Not long ago, I stopped and gave pause to the phrase "the other side of the tracks", and then to a similar term "the wrong side of the tracks." It would seem that those terms go back to a time when towns and villages were divided by railroad tracks that ran through them. Of course, no one wanted to live near the noisy pollution of the soot-billowing trains. Perhaps the prevailing winds determined which side of the railroad tracks was the better location for a residence, safer too from the fiery sparks that billowed forth from the smoke stack of passing trains. The finer sort of people would have created the demand for property, both for residence and commerce, on the "right" side of the tracks. Those less fortunate would naturally find themselves living in conditions less hospitable, but more affordable. Soon the tracks would have become the demarcation line of rich and poor, and between "good" and "evil." Close by the tracks would have been some of those who followed the railroad, while the track was being laid. The drinking establishments and the red-light district would have been as close to the workmen as possible. Perhaps the red-light district gets its name from the red lights used by the railroad. Some of these dens of iniquity would have remained as towns formed along the train's route.
Churches, schools, and homes were established on one side of the track, and every evil influence coupled with poverty and hardship the other. In the south, the railroad tracks would also have divided the blacks from the whites; an added stimulus to social inequality. This demarcation line became an idiom in the American vocabulary. Today these clear-cut lines are gone. The railroad no longer divides towns and villages with smoke stacks and soot, and the wicked are no longer so easily placed. Right and wrong are often mixed together with the broad brush of "tolerance" and political correctness. Lost is the clear command of Scripture to come out from among them and be ye separate (II Corinthians 6:17). Jazz; rhythm and blues, and rock and roll which were once on the wrong side of the tracks have become "contemporary Christian music"; only slightly different from that played on a top 40 radio station. Standards of dress that once clearly defined both gender and moral ethos, have been lost in today's more "casual and comfortable" churches. Dress standards are even more eroded in the home and school, where there is no pretense of moral standards.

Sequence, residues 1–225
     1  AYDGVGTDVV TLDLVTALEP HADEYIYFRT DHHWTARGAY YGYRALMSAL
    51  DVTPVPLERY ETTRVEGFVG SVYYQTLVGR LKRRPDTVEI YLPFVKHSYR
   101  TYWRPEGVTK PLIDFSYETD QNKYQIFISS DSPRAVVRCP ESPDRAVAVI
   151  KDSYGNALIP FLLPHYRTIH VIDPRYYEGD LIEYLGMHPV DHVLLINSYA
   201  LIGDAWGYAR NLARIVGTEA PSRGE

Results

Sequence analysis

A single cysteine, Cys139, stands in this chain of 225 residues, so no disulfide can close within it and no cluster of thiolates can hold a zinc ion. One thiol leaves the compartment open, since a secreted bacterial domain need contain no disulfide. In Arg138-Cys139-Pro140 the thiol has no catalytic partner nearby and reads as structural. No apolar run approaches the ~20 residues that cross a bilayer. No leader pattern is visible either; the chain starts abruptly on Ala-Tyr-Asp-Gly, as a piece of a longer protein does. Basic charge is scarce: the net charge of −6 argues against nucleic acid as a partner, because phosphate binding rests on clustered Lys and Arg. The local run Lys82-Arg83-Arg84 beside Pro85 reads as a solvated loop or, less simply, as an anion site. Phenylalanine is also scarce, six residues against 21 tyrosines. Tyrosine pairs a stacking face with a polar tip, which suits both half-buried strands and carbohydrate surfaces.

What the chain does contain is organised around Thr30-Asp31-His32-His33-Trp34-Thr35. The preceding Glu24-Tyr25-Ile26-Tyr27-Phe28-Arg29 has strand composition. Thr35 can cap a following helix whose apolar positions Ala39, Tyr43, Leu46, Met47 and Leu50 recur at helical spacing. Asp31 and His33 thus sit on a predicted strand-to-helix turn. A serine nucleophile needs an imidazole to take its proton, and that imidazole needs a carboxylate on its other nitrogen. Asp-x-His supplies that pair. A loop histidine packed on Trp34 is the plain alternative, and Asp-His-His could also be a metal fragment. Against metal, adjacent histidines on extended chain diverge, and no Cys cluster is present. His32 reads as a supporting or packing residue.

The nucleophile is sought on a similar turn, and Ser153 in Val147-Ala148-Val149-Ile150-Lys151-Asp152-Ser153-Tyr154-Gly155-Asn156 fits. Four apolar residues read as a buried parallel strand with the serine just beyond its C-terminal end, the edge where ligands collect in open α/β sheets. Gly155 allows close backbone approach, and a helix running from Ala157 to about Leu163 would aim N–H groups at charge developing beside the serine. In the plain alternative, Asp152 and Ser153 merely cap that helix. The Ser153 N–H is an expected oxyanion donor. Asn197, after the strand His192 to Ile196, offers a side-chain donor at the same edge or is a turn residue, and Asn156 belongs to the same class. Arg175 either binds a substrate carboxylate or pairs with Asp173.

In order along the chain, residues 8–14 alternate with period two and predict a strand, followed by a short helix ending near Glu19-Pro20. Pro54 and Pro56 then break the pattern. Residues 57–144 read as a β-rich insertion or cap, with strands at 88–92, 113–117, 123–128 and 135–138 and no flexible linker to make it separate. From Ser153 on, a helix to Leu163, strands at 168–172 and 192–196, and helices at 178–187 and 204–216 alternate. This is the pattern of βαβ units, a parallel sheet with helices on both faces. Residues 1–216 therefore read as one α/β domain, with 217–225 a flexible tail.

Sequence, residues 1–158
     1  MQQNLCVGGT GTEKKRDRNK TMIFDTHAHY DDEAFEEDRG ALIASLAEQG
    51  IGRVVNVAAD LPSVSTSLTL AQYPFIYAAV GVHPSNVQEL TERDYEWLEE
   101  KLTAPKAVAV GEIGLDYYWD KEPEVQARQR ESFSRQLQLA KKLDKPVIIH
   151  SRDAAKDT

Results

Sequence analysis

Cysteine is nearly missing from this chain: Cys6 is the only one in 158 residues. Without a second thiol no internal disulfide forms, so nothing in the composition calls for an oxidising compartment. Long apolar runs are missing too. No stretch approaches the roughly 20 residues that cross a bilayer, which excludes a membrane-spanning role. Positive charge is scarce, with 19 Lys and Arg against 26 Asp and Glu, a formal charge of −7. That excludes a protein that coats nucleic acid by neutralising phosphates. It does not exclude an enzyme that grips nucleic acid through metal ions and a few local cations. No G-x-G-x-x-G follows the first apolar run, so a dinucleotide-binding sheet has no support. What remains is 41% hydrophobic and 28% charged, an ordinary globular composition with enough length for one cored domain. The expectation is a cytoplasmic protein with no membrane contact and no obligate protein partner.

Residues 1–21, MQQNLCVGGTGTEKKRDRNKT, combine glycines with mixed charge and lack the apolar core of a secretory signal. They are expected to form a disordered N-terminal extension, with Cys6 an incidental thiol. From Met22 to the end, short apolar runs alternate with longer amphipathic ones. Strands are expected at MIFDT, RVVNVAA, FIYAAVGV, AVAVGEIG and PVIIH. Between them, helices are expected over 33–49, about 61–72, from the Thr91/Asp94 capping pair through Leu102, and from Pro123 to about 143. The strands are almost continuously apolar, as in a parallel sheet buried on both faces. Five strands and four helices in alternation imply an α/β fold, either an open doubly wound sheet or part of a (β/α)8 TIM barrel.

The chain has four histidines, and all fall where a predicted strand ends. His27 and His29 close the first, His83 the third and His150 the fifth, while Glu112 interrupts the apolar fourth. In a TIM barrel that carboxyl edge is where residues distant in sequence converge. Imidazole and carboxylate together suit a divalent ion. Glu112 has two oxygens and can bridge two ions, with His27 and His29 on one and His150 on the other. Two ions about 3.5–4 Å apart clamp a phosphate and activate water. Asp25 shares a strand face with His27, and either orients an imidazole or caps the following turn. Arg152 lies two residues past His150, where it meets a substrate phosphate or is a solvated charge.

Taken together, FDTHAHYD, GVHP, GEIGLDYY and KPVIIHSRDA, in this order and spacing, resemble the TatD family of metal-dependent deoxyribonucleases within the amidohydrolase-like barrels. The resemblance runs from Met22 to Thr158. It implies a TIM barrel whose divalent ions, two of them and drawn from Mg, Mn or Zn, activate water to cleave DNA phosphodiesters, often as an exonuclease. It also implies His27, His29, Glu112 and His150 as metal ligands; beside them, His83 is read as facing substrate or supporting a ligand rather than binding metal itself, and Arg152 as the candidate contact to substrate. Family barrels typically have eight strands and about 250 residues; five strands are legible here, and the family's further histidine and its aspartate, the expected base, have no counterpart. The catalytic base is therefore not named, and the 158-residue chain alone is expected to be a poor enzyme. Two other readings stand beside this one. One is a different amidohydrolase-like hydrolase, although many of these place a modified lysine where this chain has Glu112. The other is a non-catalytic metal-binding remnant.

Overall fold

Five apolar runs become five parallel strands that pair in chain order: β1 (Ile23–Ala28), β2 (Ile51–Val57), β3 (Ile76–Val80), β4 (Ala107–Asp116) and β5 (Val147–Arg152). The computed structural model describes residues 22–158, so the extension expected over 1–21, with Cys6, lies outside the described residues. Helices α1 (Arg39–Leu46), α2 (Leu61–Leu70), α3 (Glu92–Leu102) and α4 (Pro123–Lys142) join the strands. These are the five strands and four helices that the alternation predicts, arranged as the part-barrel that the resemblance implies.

There was a time when unwed motherhood and divorce were things found only in the lost world. Today churches promote groups for the "Single Parent" or "Parents without Partners." Gone is the "Young People's Society of Christian Endeavour" or the Endeavor Societies of whom Sheldon wrote (In His Steps). They too have morphed into something else more marketable. Many churches have poorly organized or moderated "Singles Groups" that bring a harvest of sin and divorce; as the focus is more on "fun" than on Christ. Sorrow of soul has replaced a "joy unspeakable" in many Christian lives. We are to be an example to a lost and dying world.
Where are the tracks? How I long for a time of clear lines of attitude and behavior. I believe with all my heart that the young both need and want such clear immovable lines as well. The problem lies in our seminaries and Bible colleges, our Sunday schools, and our pulpits. The solution is repentance, revival, and spiritual renewal. As David cried out to God in Psalm 51 "Hide thy face from my sins, and blot out all mine iniquities. Create in me a clean heart, O God; and renew a right spirit within me." God still hears, and He is waiting. Are we willing?